We’ve known sorority girls who were shunned by their sisters for threatening to report someone in the “brother fraternity” for forced sex. We’ve worked with waitresses and dancers and carnies who were assaulted by customers in parking lots and threatened with the loss of their jobs if they said anything.We’ve worked with far too many women who were sexually-abused and physically-abused by their intimate partners, who were told they or a loved one would suffer the consequences if they attempted to leave.
We’ve heard from females from “good families” who had bad things happen to them, even in some of the “best” of homes. We’ve worked with addicts who subject themselves to sexual assaults in order to obtain the drugs that just make it bearable to keep on living. We’ve worked with virgins who said “no” to a boyfriend, only to be told “you’ll do this if you really love me” and overpowered by guys who later ghosted them when told a pregnancy was the result. We’ve worked with adoptive mothers who’d been victims of marital rape in a former marriage. We’ve worked with prostitutes who believe their occupation requires them to endure untold abuse, and whose pimps reinforce that message daily.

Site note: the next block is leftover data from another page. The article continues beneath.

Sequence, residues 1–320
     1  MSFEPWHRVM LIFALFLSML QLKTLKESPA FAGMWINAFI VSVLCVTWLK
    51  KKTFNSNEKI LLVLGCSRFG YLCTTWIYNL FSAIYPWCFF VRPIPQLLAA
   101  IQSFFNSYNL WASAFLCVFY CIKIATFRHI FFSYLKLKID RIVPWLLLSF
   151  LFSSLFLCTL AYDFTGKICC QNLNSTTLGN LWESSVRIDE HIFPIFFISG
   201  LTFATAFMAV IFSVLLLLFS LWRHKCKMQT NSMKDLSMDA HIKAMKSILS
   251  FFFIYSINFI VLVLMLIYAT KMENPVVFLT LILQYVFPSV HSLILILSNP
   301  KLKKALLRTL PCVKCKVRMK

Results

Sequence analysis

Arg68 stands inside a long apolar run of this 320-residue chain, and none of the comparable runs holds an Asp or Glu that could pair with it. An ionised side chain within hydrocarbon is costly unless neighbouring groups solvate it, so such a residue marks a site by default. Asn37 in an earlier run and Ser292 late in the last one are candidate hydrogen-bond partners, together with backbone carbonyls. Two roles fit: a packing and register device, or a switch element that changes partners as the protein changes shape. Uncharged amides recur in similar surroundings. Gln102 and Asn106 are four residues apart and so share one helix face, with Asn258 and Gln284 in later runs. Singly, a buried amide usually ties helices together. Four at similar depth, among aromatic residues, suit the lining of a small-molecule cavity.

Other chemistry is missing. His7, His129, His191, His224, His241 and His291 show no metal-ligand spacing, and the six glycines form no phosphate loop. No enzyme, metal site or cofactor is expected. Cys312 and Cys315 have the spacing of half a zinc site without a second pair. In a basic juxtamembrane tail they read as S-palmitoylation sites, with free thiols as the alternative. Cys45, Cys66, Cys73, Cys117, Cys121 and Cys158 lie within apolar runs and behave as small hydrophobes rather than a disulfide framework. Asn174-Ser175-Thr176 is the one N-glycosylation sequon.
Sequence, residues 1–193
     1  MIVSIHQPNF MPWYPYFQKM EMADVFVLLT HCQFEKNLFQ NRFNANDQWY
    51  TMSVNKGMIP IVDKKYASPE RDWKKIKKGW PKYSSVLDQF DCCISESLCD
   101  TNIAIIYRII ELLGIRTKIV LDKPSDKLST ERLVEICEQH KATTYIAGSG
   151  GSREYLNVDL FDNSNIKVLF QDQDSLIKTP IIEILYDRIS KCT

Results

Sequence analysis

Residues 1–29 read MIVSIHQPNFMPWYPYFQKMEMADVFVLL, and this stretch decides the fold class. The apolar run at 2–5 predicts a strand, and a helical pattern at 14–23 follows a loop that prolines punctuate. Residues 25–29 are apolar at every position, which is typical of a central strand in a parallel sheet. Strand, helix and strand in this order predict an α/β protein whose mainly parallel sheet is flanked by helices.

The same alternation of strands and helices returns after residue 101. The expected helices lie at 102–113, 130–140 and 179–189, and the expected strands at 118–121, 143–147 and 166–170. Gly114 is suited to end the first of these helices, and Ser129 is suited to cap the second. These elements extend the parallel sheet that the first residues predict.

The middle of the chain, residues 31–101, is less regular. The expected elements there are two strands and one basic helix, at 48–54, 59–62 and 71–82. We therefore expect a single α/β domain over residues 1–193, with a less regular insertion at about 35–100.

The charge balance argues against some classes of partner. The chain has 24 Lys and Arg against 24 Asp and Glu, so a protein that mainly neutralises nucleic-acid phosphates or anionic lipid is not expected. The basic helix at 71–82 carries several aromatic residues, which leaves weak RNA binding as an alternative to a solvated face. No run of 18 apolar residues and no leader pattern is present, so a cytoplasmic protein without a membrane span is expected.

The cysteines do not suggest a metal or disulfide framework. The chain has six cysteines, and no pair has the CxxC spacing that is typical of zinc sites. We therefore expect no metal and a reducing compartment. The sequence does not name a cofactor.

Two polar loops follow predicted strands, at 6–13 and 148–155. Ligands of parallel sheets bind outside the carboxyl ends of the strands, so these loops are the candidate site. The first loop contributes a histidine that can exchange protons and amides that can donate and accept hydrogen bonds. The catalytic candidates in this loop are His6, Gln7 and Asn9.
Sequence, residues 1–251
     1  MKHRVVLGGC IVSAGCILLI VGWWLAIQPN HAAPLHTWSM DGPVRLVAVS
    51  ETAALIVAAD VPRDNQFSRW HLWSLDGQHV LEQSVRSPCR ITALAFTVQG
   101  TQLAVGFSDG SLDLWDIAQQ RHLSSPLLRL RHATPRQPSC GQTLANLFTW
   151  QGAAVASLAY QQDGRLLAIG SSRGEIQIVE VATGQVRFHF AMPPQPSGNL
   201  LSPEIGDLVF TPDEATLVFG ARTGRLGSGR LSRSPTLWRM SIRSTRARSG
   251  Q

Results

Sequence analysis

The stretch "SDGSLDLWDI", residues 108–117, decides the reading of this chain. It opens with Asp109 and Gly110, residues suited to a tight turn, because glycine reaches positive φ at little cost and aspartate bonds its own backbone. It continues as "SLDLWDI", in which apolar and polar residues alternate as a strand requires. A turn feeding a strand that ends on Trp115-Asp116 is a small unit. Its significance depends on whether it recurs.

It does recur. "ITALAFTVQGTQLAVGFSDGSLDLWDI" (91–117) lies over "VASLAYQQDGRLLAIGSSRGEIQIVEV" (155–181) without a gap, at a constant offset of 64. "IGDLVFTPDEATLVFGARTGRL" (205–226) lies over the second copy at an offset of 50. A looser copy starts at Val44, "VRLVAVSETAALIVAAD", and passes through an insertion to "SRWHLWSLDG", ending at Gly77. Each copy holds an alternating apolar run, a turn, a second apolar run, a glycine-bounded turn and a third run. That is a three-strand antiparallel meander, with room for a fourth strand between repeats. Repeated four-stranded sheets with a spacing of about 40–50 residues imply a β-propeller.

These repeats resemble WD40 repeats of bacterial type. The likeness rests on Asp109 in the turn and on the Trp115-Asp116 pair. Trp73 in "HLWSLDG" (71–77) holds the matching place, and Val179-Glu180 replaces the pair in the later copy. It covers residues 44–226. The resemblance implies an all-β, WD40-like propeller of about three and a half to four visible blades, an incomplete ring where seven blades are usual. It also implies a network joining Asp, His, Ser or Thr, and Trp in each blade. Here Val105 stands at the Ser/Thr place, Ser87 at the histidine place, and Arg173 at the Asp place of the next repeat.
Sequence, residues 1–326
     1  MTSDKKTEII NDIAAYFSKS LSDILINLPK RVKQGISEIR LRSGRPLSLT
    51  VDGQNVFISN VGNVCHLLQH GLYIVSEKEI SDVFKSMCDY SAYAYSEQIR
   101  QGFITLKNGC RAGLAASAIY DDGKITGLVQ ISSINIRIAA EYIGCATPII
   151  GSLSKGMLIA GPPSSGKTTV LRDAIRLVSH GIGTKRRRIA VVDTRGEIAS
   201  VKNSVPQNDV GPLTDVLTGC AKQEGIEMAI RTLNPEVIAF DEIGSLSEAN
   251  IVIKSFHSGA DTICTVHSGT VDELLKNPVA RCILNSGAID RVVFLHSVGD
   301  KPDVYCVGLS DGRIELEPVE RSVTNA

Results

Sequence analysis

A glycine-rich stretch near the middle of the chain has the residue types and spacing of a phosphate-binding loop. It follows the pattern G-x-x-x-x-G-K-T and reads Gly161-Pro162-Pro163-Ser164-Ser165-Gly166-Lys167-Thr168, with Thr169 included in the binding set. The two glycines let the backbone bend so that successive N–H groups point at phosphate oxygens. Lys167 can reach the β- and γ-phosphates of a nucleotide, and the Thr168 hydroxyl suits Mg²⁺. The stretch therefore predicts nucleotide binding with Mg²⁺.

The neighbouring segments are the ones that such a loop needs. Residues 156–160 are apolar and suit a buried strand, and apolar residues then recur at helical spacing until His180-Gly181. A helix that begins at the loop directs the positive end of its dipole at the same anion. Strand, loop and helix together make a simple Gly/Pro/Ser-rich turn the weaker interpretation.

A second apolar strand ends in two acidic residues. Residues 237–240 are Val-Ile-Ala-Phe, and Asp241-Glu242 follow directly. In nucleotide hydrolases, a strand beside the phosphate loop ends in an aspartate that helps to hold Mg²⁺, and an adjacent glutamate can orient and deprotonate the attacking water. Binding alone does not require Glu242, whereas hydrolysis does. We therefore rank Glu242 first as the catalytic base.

We could go on, but we won’t. The point is: America has a problem, and it’s time we all listen and learn. Far too many girls and women in America have been the victims (and survivors) of sexual exploitation and sexual assault, and they must be heard, if the problem is going to be adequately addressed and future generations protected.
We are not naive about the risks of false reports. Still, the fact is that there are far more unreported rapes in this country than there are false accounts of rape. And the truth is that victims and survivors willing to report sexual violence deserve our full support, even if (and when) it makes us feel uncomfortable.
In these troubling days of painstaking self-disclosure, may we find the courage to surround those who come forward with respect and compassion, and may we join in the rallying cry “believe survivors,” for those who have endured real trauma truly have important lessons to teach us all.